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NINDS Vasculitis Syndromes of the Central and Peripheral Nervous Systems Information Page

Synonym(s):   Temporal Arteritis, Cranial Arteritis, Giant Cell Arteritis
Condensed from Vasculitis Syndromes of the Central and Peripheral Nervous Systems Fact Sheet

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What is Vasculitis Syndromes of the Central and Peripheral Nervous Systems ?

Vasculitis is an inflammation of blood vessels, which includes the veins, arteries, and capillaries.  Researchers think that inflammation occurs with infection or is thought to be due to a faulty immune system response. Vasculitic disorders can cause problems in any organ system, including the central (CNS) and peripheral (PNS) nervous systems.  Vasculitis disorders, or syndromes, of the CNS and PNS are characterized by the presence of inflammatory cells in and around blood vessels, and secondary narrowing or blockage of the blood vessels that nourish the brain, spinal cord, or peripheral nerves.    

A vasculitic syndrome may begin suddenly or develop over time.  Symptoms include:  headaches, especially a headache that doesn’t go away; fever; feeling out-of-sorts; rapid weight loss; confusion or forgetfulness leading to dementia; aches and pains in the joints and muscles; pain while chewing or swallowing; paralysis or numbness, usually in the arms or legs; and visual disturbances, such as double vision, blurred vision, or blindness

Although these disorders are rare, there are many of them.  Some of the better understood syndromes are:  temporal arteritis (also called giant cell arteritis or cranial arteritis), Primary angiitis of the CNS (granulomatous angiitis), Takayasu’s disease, Periarteritis nodosa, Kawasaki disease, Churg-Strauss syndrome, Wegener’s granulomatosis, systemic lupus erythematosis, scleroderma, rheumatoid arthritis, Sjogren’s syndrome, and Behcet’s disease.

Is there any treatment?

Treatment for a vasculitis syndrome depends upon the specific diagnosis.  Most of the syndromes respond well to steroid drugs, such as prednisolone.  Some may also require treatment with an immunosuppressive drug, such as cyclophosphamide.

What is the prognosis?

The prognosis is dependent upon the specific syndrome, however, most of the syndromes are fatal if left untreated.

What research is being done?

The National Institute of Neurological Disorders and Stroke (NINDS) and other institutes of the National Institutes of Health (NIH) conduct research relating to vasculitis syndromes in laboratories at the NIH and also support vasculitis research through grants to major medical institutions across the country.  The NINDS supports The Vasculitis Clinical Research Consortium (VCRC), a network of academic medical centers, patient support organizations, and clinical research resources dedicated to conducting clinical research and improving the care of individuals with vasculitis.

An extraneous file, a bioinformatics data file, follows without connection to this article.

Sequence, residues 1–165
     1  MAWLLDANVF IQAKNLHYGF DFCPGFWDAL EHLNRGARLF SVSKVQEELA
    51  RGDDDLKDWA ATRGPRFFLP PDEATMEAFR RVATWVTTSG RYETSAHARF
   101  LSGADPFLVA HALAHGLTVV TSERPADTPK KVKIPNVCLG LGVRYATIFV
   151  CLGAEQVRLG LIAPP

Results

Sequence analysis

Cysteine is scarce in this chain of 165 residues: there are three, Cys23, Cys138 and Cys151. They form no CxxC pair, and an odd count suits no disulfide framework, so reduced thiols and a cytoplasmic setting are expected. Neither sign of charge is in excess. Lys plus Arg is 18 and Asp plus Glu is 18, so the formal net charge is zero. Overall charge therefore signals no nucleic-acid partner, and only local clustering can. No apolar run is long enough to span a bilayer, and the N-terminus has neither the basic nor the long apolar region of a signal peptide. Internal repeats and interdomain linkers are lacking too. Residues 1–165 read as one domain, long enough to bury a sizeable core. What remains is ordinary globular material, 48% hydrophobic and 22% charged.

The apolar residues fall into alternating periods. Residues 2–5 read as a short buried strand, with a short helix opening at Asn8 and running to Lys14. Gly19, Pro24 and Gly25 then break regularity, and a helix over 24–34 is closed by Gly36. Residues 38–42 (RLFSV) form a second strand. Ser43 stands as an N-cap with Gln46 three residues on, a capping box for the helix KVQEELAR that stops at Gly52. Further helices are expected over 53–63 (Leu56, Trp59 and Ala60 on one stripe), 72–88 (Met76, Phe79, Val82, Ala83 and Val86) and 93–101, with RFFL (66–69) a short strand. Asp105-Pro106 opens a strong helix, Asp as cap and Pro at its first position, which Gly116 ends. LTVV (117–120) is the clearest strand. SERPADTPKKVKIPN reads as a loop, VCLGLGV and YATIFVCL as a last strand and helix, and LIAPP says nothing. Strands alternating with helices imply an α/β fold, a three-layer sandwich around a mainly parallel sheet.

NIH Patient Recruitment for Vasculitis Syndromes of the Central and Peripheral Nervous Systems Clinical Trials

Organizations

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American Autoimmune Related Diseases Association
22100 Gratiot Avenue
Eastpointe, MI   48021-2227
aarda@aarda.org
http://www.aarda.org
Tel: 586-776-3900 800-598-4668
Fax: 586-776-3903

National Organization for Rare Disorders (NORD)
55 Kenosia Avenue
Danbury, CT   06810
orphan@rarediseases.org
http://www.rarediseases.org
Tel: 203-744-0100 Voice Mail 800-999-NORD (6673)
Fax: 203-798-2291

National Eye Institute (NEI)
National Institutes of Health, DHHS
31 Center Drive, Rm. 6A32 MSC 2510
Bethesda, MD   20892-2510
2020@nei.nih.gov
http://www.nei.nih.gov
Tel: 301-496-5248

National Institute of Allergy and Infectious Diseases (NIAID)
National Institutes of Health, DHHS
6610 Rockledge Drive, MSC 6612
Bethesda, MD   20892-6612
http://www.niaid.nih.gov
Tel: 301-496-5717

Related NINDS Publications and Information


Prepared by:
Office of Communications and Public Liaison
National Institute of Neurological Disorders and Stroke
National Institutes of Health
Bethesda, MD 20892



NINDS health-related material is provided for information purposes only and does not necessarily represent endorsement by or an official position of the National Institute of Neurological Disorders and Stroke or any other Federal agency. Advice on the treatment or care of an individual patient should be obtained through consultation with a physician who has examined that patient or is familiar with that patient's medical history.

All NINDS-prepared information is in the public domain and may be freely copied. Credit to the NINDS or the NIH is appreciated.

Last updated April 16, 2014